“All rights, including rights of translations and reproduction reserved by A. Yusuf Ali”.
Many noted scholars of the day wrote glowing reviews of Abdullah Yusuf Ali’s efforts. Syed Sulaiman Nadvi, the author of Khutbat-e-Madaras and co-author of the monumental Sirat-un-Nabi wrote:
“The Muslim Literateurs have with unanimity, spoken very highly of the beauty and eloquence and grandeur of the Translation. One is gratified to see that the Allama has absolutely avoided the misleading construction of the verses and has not made the question of miracles the plaything of the mental gymnastics. In understanding the meaning of the verses, the Allama has taken the help of commentators of Arabia.”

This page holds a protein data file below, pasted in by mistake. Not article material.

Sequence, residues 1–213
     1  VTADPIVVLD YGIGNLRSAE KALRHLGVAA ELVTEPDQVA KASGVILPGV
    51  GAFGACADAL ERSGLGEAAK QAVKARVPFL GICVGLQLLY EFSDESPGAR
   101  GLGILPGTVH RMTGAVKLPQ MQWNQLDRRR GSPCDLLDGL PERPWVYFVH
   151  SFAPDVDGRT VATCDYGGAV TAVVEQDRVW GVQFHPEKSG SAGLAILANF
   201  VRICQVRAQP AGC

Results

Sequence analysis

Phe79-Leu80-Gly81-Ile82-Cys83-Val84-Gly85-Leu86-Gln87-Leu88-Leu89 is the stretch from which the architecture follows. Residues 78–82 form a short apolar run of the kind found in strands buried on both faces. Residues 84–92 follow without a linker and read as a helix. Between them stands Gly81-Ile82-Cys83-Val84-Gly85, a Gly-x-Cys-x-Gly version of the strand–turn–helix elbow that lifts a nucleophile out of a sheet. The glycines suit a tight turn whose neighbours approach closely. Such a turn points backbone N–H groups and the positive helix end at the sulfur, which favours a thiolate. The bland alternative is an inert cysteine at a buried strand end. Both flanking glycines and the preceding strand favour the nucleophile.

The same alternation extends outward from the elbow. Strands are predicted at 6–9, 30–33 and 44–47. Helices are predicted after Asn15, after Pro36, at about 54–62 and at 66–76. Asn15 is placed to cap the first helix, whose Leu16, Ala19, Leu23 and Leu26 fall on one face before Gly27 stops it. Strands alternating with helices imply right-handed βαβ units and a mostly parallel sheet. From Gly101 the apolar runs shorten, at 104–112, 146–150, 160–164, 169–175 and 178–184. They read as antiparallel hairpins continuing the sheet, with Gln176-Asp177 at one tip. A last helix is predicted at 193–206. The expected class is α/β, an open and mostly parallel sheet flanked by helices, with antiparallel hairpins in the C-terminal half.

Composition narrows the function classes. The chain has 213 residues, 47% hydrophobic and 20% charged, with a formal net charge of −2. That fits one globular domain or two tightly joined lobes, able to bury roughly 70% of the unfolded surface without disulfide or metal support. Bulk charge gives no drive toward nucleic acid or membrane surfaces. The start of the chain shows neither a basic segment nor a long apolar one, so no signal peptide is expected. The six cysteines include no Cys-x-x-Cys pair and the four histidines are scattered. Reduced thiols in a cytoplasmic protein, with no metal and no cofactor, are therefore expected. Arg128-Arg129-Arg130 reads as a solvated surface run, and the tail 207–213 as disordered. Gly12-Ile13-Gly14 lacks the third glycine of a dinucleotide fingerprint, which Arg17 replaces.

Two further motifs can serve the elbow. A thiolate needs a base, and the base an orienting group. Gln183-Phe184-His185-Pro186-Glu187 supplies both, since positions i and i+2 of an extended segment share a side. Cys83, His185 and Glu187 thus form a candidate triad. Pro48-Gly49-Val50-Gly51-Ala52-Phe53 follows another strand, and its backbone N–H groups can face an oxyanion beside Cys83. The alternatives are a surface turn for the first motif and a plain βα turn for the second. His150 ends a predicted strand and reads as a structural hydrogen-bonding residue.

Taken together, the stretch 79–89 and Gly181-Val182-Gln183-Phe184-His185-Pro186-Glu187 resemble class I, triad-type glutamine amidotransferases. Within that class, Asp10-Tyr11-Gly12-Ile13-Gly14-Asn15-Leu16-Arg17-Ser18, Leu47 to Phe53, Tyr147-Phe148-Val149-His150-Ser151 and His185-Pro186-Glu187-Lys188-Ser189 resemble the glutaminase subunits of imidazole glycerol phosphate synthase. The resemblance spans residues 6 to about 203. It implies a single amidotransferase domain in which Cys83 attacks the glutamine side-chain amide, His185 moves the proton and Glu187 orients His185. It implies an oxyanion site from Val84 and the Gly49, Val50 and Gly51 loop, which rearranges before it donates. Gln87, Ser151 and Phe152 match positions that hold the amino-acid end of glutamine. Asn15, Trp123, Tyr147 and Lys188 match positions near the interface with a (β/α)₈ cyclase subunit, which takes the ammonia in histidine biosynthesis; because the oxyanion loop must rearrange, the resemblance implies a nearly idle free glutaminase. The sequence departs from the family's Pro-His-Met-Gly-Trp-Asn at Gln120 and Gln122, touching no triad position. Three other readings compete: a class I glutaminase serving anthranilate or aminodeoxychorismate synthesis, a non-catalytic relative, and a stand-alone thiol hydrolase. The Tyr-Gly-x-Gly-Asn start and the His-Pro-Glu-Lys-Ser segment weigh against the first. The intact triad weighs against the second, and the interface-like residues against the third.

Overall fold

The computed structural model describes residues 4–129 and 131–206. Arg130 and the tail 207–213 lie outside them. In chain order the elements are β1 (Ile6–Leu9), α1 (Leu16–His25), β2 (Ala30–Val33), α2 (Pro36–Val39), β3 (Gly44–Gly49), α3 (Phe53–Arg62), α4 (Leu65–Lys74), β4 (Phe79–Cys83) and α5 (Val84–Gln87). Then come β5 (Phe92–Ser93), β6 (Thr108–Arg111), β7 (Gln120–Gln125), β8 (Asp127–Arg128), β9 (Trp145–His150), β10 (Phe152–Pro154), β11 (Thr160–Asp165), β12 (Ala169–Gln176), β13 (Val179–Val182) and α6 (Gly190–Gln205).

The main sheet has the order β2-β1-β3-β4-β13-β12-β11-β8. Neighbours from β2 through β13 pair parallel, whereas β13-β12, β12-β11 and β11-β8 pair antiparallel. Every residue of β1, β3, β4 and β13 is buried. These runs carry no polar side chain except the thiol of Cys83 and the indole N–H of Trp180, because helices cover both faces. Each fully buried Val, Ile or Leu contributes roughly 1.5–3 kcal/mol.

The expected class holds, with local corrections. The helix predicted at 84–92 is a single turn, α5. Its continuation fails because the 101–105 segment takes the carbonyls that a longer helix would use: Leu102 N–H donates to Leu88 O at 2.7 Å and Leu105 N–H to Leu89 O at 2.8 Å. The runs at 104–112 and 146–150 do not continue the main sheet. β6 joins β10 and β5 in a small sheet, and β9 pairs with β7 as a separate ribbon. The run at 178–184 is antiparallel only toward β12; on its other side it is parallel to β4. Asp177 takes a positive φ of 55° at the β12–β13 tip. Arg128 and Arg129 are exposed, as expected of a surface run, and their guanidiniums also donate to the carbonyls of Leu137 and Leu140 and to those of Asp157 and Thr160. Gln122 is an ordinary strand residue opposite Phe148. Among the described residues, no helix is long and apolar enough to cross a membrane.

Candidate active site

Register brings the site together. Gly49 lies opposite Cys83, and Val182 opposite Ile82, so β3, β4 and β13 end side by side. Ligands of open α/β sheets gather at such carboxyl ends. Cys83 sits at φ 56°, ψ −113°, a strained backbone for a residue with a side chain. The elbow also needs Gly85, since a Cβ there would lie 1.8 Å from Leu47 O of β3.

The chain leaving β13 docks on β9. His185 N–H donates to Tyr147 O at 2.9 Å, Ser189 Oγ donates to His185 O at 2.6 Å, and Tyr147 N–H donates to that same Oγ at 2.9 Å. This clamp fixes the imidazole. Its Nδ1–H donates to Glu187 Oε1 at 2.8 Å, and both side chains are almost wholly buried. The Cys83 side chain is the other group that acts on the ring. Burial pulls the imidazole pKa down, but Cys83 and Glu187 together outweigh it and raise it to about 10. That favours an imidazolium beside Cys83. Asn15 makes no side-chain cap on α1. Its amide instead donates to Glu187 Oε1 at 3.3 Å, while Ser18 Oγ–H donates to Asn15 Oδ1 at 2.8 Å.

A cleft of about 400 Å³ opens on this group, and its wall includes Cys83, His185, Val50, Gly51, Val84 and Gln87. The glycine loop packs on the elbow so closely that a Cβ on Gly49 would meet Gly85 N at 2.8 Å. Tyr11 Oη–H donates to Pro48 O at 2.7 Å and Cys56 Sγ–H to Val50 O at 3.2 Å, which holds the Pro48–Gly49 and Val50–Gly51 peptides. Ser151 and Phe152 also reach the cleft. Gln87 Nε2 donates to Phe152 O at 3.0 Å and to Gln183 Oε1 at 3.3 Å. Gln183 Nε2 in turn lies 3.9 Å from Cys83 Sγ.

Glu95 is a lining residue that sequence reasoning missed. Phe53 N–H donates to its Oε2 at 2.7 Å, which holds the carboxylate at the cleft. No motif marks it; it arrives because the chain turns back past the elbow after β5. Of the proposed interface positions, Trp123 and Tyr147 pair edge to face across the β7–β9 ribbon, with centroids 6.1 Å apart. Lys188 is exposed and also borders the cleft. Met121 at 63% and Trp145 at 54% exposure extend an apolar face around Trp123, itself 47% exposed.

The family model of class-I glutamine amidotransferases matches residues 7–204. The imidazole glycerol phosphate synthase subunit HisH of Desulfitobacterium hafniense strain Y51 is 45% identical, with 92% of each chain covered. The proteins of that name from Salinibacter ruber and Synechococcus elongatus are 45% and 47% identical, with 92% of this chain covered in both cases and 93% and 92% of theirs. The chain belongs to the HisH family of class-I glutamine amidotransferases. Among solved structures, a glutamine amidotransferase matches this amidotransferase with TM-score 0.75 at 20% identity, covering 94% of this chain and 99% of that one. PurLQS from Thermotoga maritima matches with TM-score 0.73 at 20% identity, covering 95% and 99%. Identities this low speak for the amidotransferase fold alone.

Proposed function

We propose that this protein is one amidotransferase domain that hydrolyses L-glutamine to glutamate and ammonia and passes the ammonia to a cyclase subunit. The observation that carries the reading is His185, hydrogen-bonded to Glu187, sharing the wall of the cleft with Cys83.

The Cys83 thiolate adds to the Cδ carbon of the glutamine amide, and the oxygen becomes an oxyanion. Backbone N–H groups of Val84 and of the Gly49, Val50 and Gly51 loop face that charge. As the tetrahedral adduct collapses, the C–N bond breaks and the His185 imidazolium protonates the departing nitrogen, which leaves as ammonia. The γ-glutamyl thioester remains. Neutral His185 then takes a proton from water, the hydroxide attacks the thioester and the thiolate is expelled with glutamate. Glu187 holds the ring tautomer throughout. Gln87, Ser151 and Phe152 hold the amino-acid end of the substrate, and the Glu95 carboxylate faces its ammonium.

Marmaduke Pickthall, the well-known translator and commentator of the Quran wrote:
“It goes without saying that this translation of the Quran is in better English than any previous English translations by any Indian.”
After the initial publication, the translation and commentary went through multiple reprints by 12 different publishers in the Middle East, India, United Kingdom and the US. All those editions were exact reproductions of the original – until 1989.
Many noted scholars of the day wrote glowing reviews of Abdullah Yusuf Ali’s efforts
It 1989 Amana Corporation, a Saudi-funded organization based in Maryland, USA published “A new edition with revised translation and commentary.” This was a combined effort by Amana Corporation and the International Institute of Islamic Thought (IIIT).
In this edition, changes were made in the translation as well as in the commentary. The late Dr. Ismail Raji Faruqi, a noted Islamic scholar and professor at Temple University Philadelphia, reviewed the manuscript before publication.
The following note appeared in the 1989 Amana Edition: